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best 90s forwards


Who were the best forwards of the 90s?

The 1990s. A decade of unknown overseas signings, terrible haircuts and Jason McAteer on the cover of Fifa ‘96. Pre-smartphone, pre-VAR and the first days of the Premier League. Many fans will hark back to the ‘90s as a golden-era of Football, where the players of yesteryear are now either long-forgotten or have attained a cult-like status by fans and pundits alike. Today we take a look at some of the best forwards of the 90s.


Best forwards of the 90s


Roberto Baggio

In a decade dominated by shocking hairdos, why not kick off proceedings with the maestro himself. Il Divin Codino or ‘The Divine Ponytail,’ Roberto Baggio was as infamous for what was on his head as he was for what he could do with his feet.

Even from his early days as a youth player, the bar was set high. 110 goals in 120 games lead to his professional debut at just 15 years old. From Vicenza to a fan-favourite five years at Napoli in ‘85 saw Baggio propelled into the limelight. In 1990, he was transferred to Juventus for a world record fee of £8 million (for context, Napoli signed Maradona for £5million) where he really came into his own and took Serie A by storm.

A set-piece mastermind with vision, accuracy and control, and an ability to pick out either a pass or a curling finish at will. With Juventus, Baggio went on to win the UEFA Cup in ‘92, Coppa Italia and Serie A title in ‘94, and the league title again the year after, except this time with Milan. Baggio was also the Ballon d’Or runner up in 1992 before finally taking it home in 1993. One of the best forwards of the 90s and one of the most iconic players in football history.


Marco Van Basten

Although we’ll have to take a slight detour into the latter half of the 1980s, Marco Van Basten is a must-have for any serious ‘90s nostalgia list.

Composed, agile and with a clinical touch, Basten led both Ajax and Milan to innumerable heights from ‘81 – ‘95, with consistent trophies year after year. The Dutchman scored a whopping 300+ goals in his career, clinching 230 in just 280 games at club level – and arguably one of the greatest volleys ever in the ‘88 UEFA Euros against the Soviet Union.

Three-time Ballon d’Or winner (back-to-back ‘88 and ‘89 and the third coming in ‘92), four-time Serie A titleholder and Fifa World Player of the Year ‘92 are just some of Basten’s trophies before his injury-induced early retirement at age 28.


Alessandro Del Pierro

“He is different to Zinedine Zidane. He likes to play; he feels it in his soul. Between him and the Frenchman, I choose him.” – Diego Maradona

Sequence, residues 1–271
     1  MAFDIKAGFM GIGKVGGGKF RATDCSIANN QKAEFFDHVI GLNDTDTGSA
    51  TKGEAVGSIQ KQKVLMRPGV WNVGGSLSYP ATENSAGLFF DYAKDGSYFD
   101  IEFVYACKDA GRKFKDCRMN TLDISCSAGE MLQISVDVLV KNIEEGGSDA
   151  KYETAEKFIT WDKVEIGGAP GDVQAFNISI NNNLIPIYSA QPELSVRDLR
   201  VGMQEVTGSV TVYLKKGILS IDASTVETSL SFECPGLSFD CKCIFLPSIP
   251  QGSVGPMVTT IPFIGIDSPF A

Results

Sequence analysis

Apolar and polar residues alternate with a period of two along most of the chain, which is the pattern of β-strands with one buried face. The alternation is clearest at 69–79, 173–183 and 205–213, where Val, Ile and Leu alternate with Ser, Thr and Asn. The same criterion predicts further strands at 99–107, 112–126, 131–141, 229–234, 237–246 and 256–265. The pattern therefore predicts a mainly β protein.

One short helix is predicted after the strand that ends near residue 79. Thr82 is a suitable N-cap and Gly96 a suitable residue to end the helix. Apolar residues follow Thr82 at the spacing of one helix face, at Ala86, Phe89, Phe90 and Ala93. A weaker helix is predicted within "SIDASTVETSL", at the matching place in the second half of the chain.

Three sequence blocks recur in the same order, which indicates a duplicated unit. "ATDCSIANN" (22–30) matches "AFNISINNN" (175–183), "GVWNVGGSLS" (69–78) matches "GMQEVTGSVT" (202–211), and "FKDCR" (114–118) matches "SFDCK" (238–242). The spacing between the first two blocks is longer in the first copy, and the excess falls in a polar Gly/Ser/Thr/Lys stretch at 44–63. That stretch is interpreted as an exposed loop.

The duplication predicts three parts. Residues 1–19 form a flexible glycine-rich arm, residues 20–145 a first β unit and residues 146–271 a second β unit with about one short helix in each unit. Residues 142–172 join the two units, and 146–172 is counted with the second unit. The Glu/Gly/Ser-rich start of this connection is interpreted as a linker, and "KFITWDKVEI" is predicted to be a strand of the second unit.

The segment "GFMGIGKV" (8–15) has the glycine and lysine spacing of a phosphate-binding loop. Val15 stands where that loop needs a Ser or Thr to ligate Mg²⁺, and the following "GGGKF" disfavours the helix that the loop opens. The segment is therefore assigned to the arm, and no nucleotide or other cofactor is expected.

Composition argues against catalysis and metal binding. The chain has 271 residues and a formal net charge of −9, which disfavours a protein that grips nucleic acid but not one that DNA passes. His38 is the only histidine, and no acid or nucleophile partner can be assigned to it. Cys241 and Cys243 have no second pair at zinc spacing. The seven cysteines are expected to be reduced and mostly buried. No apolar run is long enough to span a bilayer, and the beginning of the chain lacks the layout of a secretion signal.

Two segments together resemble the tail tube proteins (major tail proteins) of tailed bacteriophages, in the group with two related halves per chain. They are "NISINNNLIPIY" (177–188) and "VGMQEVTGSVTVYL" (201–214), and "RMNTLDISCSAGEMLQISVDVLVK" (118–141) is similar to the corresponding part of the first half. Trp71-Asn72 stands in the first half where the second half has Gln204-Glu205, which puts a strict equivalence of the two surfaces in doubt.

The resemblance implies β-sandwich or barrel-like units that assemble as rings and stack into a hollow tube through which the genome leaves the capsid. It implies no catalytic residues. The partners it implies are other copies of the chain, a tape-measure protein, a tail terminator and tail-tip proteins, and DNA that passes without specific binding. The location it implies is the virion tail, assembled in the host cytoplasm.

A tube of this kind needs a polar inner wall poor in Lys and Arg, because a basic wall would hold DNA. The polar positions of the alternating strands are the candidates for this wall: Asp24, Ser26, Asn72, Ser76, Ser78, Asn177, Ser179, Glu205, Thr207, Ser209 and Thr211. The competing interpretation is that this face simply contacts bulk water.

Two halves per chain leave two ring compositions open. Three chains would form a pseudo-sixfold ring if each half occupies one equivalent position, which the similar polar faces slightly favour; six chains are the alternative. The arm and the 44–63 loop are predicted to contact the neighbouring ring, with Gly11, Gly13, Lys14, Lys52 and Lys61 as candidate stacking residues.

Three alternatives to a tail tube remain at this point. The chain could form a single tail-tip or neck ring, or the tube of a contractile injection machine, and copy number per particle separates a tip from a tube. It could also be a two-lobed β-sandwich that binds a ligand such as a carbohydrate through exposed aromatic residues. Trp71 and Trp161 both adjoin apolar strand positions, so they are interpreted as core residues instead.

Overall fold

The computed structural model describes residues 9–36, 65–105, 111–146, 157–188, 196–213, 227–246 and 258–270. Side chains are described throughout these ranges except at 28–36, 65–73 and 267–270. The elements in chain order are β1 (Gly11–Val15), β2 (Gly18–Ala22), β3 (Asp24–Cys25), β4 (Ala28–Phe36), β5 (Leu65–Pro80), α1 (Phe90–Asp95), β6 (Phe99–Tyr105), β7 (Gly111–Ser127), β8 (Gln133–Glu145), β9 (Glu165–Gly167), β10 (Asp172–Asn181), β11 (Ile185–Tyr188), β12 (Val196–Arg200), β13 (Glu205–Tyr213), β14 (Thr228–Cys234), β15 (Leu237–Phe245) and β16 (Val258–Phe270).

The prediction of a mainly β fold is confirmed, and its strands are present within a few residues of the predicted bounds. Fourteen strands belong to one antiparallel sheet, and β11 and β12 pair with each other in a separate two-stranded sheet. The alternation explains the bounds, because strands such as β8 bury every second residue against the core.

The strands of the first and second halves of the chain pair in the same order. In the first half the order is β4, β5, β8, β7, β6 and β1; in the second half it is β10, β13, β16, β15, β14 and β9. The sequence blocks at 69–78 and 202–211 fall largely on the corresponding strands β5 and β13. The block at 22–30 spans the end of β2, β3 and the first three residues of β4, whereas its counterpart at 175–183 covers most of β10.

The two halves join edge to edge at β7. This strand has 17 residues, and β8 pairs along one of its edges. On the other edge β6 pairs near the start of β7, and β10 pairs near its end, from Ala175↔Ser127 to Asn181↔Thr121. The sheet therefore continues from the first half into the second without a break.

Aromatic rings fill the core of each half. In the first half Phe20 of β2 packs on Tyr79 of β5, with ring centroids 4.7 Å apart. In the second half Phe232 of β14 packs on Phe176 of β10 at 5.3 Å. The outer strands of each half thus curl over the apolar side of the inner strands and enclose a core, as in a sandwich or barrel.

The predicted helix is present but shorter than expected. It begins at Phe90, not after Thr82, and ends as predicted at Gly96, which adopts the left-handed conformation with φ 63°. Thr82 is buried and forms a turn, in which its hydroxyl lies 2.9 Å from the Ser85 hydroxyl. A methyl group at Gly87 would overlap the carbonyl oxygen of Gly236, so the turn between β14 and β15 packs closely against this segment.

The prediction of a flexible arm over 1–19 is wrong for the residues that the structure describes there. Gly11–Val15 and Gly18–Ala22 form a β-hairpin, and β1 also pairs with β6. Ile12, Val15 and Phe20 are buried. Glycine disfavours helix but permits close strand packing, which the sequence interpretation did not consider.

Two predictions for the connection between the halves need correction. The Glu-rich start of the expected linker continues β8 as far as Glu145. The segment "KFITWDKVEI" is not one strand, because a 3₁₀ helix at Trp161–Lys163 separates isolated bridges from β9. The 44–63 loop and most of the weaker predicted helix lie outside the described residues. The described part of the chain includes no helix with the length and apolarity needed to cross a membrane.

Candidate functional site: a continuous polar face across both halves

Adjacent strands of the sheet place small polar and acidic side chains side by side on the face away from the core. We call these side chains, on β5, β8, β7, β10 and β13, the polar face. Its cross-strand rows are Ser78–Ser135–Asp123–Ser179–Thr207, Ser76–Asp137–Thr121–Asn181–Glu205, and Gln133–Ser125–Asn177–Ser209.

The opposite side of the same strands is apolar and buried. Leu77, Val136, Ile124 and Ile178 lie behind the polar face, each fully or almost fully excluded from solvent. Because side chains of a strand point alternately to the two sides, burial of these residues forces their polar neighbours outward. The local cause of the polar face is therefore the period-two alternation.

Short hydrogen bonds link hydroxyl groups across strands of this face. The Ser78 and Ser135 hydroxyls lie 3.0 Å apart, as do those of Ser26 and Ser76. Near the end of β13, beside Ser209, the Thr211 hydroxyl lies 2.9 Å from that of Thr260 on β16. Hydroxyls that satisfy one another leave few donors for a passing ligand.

A symbol of everything that is Juventus, Del Pierro’s quality as a footballer extends out further than just his technical abilities. Loyal to the Turin side even during their 2006 scandal and relegation, and whilst many others jumped ship, Del Pierro stayed and retained the captain’s armband to see Juve back up to Serie A.

One of Italy’s most decorated and revered forwards, he also holds the number two spot as their highest ever goalscorer with over 340 goals in all competitions, only beaten out by Silvio Piola who holds the top spot with a comfortable 390.

Four Ballon d’Or nominations from ‘95 – ‘98, six Serie A titles, Coppa Italia, Champions League and many other titles that came in the 2000s, including an unforgettable 2006 World Cup are just some of the reasons why Del Pierro is one of the greats.



Could you ever write a ‘90s football list without Ronaldo? I think not.

Youngest ever is a common theme when discussing Ronaldo and the huge amount of trophies, titles and accolades he won in the 1990s. Youngest ever winner of Fifa’s World Player of the Year Award in ‘96, the youngest ever winner of the Ballon d’Or in ‘97 at age 21, and the youngest member of Brazil’s 1994 World Cup-winning squad.

An incredible two-season stretch at PSV saw him score 54 goals in 57 games, followed by an equally impressive period at Barcelona, securing 47 in 49. His move to Inter Milan in ‘97 was the second time the young Brazilian had broken the world record transfer fee, and despite an injury-laden stint in Italy, still managed to come away with an impressive goal tally.

O Fenômeno aka The Phenomenon is credited as having reinvented what it meant to be a centre-forward, with explosiveness, control and dribbling prowess. Albeit with a slightly questionable haircut of his own. One of the best forwards of all time, let alone the 90s, and the suspicion is that had his lifestyle been better, he could have accomplished even more.



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